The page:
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Lenten Devotions from Fourth Presbyterian Church

Sunday, July 15, 2018

Today’s Scripture Reading | Mark 6:14–29

King Herod heard of it, for Jesus’ name had become known. Some were saying, “John the baptizer has been raised from the dead; and for this reason these powers are at work in him.” But others said, “It is Elijah.” And others said, “It is a prophet, like one of the prophets of old.” But when Herod heard of it, he said, “John, whom I beheaded, has been raised.”

For Herod himself had sent men who arrested John, bound him, and put him in prison on account of Herodias, his brother Philip’s wife, because Herod had married her. For John had been telling Herod, “It is not lawful for you to have your brother’s wife.” And Herodias had a grudge against him, and wanted to kill him. But she could not, for Herod feared John, knowing that he was a righteous and holy man, and he protected him. When he heard him, he was greatly perplexed; and yet he liked to listen to him. But an opportunity came when Herod on his birthday gave a banquet for his courtiers and officers and for the leaders of Galilee. When his daughter Herodias came in and danced, she pleased Herod and his guests; and the king said to the girl, “Ask me for whatever you wish, and I will give it.” And he solemnly swore to her, “Whatever you ask me, I will give you, even half of my kingdom.” She went out and said to her mother, “What should I ask for?” She replied, “The head of John the baptizer.” Immediately she rushed back to the king and requested, “I want you to give me at once the head of John the Baptist on a platter.” The king was deeply grieved; yet out of regard for his oaths and for the guests, he did not want to refuse her. Immediately the king sent a soldier of the guard with orders to bring John’s head. He went and beheaded him in the prison, brought his head on a platter, and gave it to the girl. Then the girl gave it to her mother. When his disciples heard about it, they came and took his body, and laid it in a tomb. (NRSV)

Whether the subject is cooking, dancing, or singing, one of the more intriguing and entertaining aspects of competitive shows on television is the demeanor of the judges. Every show has at least one judge whose task is to give unvarnished and critical assessments of the performance or work of contestants. At first, upon hearing the critique, contestants are typically dismayed. Yet many come to appreciate the honesty, because it enables them to grow personally or perfect their craft. Has someone you trust, whether family, friend, or coach, ever served that role for you by voicing an uncomfortable truth?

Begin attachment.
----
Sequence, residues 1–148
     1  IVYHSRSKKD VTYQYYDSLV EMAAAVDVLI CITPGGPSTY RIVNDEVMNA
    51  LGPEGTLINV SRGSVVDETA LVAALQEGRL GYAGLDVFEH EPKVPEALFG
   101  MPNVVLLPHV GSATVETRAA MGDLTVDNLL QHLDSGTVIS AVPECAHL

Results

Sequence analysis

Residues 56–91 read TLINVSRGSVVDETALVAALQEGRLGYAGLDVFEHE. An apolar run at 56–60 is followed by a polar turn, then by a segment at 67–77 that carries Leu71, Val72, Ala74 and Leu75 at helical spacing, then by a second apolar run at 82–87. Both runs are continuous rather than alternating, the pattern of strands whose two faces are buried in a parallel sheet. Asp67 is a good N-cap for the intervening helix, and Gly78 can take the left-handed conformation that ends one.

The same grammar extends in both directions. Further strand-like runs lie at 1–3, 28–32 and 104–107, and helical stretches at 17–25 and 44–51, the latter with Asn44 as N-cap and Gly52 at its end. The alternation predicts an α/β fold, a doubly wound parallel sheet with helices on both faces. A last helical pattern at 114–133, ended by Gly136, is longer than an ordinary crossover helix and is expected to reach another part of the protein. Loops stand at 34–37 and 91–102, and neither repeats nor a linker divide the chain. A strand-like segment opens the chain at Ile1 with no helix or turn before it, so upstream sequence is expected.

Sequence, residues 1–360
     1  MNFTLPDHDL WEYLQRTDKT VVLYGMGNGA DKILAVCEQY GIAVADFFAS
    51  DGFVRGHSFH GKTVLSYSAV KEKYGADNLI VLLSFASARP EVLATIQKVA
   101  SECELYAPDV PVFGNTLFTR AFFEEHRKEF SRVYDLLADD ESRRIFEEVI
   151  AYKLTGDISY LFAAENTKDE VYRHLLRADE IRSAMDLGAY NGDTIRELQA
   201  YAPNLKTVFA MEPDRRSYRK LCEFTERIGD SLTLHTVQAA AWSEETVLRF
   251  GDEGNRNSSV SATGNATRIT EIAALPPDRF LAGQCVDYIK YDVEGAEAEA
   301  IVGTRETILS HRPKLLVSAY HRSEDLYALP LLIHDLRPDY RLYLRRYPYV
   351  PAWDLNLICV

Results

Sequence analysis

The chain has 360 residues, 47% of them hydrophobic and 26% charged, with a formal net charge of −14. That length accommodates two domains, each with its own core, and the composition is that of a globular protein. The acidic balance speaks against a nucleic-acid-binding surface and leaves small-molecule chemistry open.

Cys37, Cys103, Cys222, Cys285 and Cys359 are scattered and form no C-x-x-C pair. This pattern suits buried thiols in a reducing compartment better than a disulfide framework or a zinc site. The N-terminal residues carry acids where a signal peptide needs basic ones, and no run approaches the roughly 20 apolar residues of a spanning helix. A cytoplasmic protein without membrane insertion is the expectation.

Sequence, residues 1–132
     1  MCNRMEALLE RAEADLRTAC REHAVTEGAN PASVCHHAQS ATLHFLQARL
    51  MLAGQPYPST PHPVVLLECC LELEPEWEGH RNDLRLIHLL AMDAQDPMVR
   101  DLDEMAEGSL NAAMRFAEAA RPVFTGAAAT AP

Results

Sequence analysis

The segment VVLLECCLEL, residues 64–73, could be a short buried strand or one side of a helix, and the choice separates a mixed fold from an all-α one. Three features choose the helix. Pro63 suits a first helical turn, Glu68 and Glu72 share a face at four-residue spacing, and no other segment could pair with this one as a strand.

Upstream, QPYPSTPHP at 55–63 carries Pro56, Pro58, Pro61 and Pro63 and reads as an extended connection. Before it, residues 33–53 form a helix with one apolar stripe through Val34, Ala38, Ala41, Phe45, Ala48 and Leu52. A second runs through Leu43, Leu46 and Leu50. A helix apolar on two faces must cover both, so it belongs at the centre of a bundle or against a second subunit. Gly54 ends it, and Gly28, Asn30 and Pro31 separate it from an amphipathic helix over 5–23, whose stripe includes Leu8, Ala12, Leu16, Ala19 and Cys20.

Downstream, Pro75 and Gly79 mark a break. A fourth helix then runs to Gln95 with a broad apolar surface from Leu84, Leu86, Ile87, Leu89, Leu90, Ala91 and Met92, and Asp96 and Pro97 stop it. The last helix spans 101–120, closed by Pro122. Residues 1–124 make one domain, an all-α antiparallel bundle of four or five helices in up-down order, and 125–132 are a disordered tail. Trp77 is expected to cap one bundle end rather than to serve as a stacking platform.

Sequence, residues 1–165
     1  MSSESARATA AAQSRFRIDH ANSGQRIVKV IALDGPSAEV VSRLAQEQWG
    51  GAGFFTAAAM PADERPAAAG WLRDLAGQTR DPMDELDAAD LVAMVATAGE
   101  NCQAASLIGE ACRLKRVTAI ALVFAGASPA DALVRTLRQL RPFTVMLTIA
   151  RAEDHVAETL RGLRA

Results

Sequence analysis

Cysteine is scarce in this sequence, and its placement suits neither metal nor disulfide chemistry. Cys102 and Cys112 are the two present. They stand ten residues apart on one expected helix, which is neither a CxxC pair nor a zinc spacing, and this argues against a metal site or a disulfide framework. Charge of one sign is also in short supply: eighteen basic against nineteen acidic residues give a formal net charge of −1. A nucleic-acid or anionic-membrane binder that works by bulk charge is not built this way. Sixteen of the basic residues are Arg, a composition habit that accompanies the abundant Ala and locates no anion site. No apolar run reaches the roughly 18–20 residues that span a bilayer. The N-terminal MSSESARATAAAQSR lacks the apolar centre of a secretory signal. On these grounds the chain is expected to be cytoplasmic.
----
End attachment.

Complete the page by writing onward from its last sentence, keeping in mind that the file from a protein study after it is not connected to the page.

Herod was the Jewish ruler of Galilee, supported by Roman authority, in the time of Jesus. Herod was surrounded by family, friends, and court officials who put aside honest critique and instead chose to flatter him. Many of them sought favors, appointments, property, or other wealth that might be gleaned from Herod’s political power. As a result of their fawning, Herod was ill prepared to address the political and religious unrest unfolding around him. But John the Baptist was not part of this obsequious crowd. John was a bold prophet in the wilderness, willing to be the voice of uncomfortable truths by launching critiques both against the ethics of Herod’s personal conduct and the futility of his brand of power politics to offer the masses a better life. To the surprise of many, Herod did not initially condemn John but, rather, kept him around. Perhaps this was because even as Herod chafed against the criticism, John pricked his conscience.

However, Herod ultimately gives in to the sycophants’ chorus. With lethal orders, he silences the voice crying in the wilderness. Yet Herod’s actions raise an important question for us: How will we handle those in our own lives who have uncomfortable truths to share? Will we listen to voices of dissent and protest that might at first trouble us but eventually lead us to more faithfully embody God’s justice and peace?

Holy God, who speaks in the voices of prophets and sages, help us to seek out and listen to those perspectives that might speak prophetically, even if uncomfortably, into our lives. Help us to better hear their cries and warnings and then respond in faithfulness. Amen.

Written by Joseph L. Morrow, Minister for Evangelism

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